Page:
by Alice von Hildebrand, The Privilege of Being a Woman
By living up to their calling, women will succeed in guaranteeing a proper recognition of the unique value of femininity and its crucial mission in the world.
This is proved by innumerable testimonies. A French writer by the name of Vinet wrote that “the value of a people is to be gauged by the value of its women” (” un peuple vaut ce que patent ses femmes “).
Strong men are often cowed by women, particularly by their wives. In his life of Gandhi, Louis Fisher writes, “Gandhi feared neither man nor government, neither prison, nor poverty nor death. But he did fear his wife.”
In the same book, referring to the conflict that developed between India and Pakistan, he writes, “Moslem women are the real force behind their men.”
The fear that wives can inspire in their husbands is also stressed in Michael Scammell’s life of Solzhenitsyn. He writes, “Seemingly all-powerful in his confrontation with the Soviet government…he was yet helpless when faced with the wrath of a discarded woman.”
She also cites the words of Confucius, “Where the woman is faithful, no evil can befall. The woman is the root and the man the tree. The tree grows only as high as the root is strong,” and further, “The strongest thing on earth is a woman….”
Obviously the strength that these men note in women refers not to exterior accomplishments but to the moral power that a woman can possess.
These accolades indicate clearly that the “weakness” of the female sex, as far as accomplishments and productivity are concerned, can be more than compensated by her moral strength when she lives up to her calling. That is, when she loves.
The influence that she can exercise over her male partner is great indeed when it manifests itself not by issuing commands but by example and gentle persuasion.
On the other hand, when she betrays her mission, she can indeed be man’s downfall. Her role is a key one. Kierkegaard wrote that “woman is the conscience of man.” But her conscience must be illumined by faith and enlivened by true love; it must not be a conscience distorted by self-centered relativism.
But feminists — blinded by secularism — do what, in fact, will lead to a worsening of women’s situation. Feminists are women’s great enemy. Not only will they not succeed in trying to become like men, but they will also inevitably jeopardize the sublime mission confided to them.
Kierkegaard writes, “I hate all talk about the emancipation of woman. God forbid that it may ever come to pass. I cannot tell you with what pain this thought is able to pierce my heart, nor what passionate exasperation, what hate I feel toward everyone who gives vent to such talk.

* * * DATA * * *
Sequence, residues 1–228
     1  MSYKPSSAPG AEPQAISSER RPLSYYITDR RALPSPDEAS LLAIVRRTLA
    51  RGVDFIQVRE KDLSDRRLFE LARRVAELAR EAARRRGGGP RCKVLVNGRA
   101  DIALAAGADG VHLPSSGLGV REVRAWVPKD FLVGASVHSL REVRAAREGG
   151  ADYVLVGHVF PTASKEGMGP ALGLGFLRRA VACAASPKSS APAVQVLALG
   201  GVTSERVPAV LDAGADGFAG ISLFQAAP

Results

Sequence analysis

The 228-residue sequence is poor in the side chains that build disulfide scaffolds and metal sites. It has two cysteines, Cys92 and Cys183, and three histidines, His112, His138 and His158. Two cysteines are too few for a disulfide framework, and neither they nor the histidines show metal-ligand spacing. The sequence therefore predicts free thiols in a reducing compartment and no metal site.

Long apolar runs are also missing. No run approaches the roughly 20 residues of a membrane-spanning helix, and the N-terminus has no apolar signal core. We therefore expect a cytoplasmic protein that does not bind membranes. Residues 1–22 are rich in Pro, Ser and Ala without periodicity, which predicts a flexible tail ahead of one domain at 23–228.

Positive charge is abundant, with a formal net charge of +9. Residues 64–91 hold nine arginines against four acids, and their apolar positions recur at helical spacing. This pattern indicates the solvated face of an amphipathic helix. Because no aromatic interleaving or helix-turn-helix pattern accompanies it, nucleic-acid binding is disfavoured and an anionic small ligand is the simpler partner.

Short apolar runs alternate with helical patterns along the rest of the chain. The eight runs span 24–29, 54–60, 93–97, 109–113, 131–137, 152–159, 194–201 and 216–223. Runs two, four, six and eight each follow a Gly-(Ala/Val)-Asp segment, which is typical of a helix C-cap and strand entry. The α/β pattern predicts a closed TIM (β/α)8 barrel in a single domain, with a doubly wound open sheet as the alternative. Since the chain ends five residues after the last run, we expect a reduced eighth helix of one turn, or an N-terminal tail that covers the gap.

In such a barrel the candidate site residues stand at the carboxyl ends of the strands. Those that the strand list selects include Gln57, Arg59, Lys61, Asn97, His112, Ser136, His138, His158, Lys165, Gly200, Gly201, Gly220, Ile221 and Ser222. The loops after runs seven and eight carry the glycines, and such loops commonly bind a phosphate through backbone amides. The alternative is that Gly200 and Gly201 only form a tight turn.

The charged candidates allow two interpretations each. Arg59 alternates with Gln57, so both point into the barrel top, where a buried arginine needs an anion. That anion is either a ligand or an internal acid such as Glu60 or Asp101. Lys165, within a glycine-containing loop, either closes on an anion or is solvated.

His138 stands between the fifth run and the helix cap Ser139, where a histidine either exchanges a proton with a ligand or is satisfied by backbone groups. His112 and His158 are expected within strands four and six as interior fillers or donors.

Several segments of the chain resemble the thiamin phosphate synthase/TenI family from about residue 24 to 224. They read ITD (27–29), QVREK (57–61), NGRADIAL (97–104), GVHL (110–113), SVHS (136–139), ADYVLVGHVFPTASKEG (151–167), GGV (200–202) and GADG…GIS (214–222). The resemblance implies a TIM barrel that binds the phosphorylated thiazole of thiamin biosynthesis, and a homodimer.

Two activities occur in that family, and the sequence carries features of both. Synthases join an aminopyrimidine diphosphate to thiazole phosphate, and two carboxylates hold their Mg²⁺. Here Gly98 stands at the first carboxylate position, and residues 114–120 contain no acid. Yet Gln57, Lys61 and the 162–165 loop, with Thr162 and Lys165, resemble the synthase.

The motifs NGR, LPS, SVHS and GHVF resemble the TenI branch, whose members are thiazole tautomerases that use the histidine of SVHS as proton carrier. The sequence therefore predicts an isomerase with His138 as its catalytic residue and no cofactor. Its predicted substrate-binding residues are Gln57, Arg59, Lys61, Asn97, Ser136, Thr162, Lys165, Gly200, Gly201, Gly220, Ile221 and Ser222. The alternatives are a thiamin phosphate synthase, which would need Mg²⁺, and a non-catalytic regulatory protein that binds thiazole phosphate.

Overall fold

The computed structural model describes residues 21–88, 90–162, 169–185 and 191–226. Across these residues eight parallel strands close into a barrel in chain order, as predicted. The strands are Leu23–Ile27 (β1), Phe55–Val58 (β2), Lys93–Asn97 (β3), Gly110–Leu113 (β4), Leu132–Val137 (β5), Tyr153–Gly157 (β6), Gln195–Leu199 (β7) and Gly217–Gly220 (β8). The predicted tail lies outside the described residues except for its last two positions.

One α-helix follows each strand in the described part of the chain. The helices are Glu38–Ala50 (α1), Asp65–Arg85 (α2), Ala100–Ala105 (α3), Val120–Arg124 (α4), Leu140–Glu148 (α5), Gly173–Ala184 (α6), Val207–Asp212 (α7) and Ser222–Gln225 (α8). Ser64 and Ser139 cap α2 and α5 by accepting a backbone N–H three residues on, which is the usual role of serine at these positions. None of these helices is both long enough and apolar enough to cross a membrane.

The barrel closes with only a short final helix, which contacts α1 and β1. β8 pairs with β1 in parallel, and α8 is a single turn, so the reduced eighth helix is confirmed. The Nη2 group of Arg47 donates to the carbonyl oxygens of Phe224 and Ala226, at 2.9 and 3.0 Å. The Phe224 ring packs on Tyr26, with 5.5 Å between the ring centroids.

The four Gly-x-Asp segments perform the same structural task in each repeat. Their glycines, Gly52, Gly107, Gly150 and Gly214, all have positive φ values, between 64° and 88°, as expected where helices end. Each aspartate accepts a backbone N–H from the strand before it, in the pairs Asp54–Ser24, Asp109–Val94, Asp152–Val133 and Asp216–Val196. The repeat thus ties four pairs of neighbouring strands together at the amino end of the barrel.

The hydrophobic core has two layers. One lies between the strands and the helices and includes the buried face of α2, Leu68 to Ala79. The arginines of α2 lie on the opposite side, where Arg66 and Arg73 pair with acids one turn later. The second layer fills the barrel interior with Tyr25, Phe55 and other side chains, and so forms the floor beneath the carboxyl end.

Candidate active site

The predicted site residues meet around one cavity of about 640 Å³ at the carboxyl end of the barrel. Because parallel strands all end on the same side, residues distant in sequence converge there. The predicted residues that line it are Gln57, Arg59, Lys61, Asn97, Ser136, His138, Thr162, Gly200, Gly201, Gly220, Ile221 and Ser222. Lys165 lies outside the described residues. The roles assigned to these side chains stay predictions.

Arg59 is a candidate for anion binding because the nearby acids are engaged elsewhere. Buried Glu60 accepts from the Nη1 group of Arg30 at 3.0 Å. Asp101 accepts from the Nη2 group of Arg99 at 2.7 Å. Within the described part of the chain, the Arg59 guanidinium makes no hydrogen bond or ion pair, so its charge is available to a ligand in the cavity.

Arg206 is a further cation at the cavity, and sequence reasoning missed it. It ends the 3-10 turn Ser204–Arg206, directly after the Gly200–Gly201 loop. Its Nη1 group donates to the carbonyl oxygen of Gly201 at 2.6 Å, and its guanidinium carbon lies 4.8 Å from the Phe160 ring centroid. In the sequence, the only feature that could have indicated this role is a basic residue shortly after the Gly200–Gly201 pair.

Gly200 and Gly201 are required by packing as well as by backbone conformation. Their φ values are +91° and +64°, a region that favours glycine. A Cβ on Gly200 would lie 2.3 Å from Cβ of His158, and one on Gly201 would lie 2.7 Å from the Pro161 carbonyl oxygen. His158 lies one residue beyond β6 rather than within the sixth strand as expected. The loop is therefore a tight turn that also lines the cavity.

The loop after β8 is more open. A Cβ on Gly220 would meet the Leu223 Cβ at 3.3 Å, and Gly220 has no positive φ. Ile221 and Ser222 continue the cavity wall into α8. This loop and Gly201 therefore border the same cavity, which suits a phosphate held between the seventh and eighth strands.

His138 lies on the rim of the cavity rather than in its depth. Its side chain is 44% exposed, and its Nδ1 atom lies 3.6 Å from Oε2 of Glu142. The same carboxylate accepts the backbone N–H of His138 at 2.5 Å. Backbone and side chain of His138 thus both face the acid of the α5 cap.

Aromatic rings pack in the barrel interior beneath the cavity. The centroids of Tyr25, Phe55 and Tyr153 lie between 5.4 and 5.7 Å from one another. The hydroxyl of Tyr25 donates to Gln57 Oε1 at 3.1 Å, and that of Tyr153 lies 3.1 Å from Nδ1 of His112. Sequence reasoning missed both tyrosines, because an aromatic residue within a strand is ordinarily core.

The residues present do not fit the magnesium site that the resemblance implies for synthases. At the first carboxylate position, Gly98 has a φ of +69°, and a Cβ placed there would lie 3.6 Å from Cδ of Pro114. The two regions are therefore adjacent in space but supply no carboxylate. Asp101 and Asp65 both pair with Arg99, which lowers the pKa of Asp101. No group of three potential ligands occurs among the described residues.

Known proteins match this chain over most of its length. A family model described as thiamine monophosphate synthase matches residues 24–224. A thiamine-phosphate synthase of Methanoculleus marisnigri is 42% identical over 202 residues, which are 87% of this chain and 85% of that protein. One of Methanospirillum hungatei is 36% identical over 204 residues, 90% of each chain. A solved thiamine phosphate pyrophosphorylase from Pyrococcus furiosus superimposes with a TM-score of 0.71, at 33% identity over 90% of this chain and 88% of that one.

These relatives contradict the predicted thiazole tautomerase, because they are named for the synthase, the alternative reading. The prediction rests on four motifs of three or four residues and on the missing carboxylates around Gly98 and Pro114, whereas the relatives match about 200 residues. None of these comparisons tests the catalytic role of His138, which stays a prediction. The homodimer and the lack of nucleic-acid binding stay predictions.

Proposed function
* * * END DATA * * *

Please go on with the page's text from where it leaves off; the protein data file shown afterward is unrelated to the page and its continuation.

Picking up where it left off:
“It is my comfort that those who proclaim such wisdom are not as wise as serpents but are for the most part blockheads whose nonsense can do no harm…. no base seducer could think out a more dangerous doctrine for woman, for once he has made her believe this she is entirely in his power, at the mercy of his will, she can be nothing for him except a prey to his whims, whereas as woman, she can be everything for him.”
Nietzsche perceived clearly that the emancipation of women is a symptom that their feminine instincts are weakening. He stresses that this “emancipation” in fact means the “masculinization” of women.
The whole tragedy of contemporary feminism — which Cardinal Josef Ratzinger considers one of the greatest threats menacing the Church—stems from a lack of faith and a loss of the sense of the supernatural.
Feminism is inconceivable in a world rooted in Judeo-Christian values. But it is in the New Testament that the full glory of the female mission and vocation shines in the person of the Holy Virgin of Nazareth who accepted to become the mother of the Redeemer while remaining a virgin (as prophesied by Isaiah).
Once spiritual eyesight, severely distorted by original sin, has been corrected by the lenses of faith, we are in a position to understand God’s creation as He meant it to be and to reject with horror the view offered by the deforming lenses of secularism.
Yet we live in a world so deeply steeped in secularism that many of us are not even aware that we are influenced by its disastrous ideology.
There are some devout and faithful Christians who would be offended if accused of being tainted by the spirit of the time (or Zeitgeist), but nevertheless—in certain concrete situations —their attitude betrays that the fumes of secularism have penetrated into their spiritual lungs and, rising to their brains, have colored their judgment.
It is only by being aware of the danger of the Zeitgeist, and daily purging ourselves of its disastrous influence, that we can hope to be freed from its subtle poison.
In his Memoirs, my husband repeatedly underlines the fact that many faithful, sincere Catholics were infected by the poison of Nazism without being aware of it.
One further deplorable consequence of this secularistic view is the claim that “service is degrading. ” It is viewed as antidemocratic. It is humiliating.
Humility is a virtue that finds little favor in the secularistic world. It is only puzzled and confused by the words of Psalm 118:71: “It is good for me that I was humbled that I might learn your statutes.”
Once again, this error inevitably leads to a denigration of women whose mission traditionally has been to serve following thereby our Lord who said, “I have not come to be served but to serve.” How can anyone meditating on these words come to the conclusion that to serve, which is a form of love, is degrading?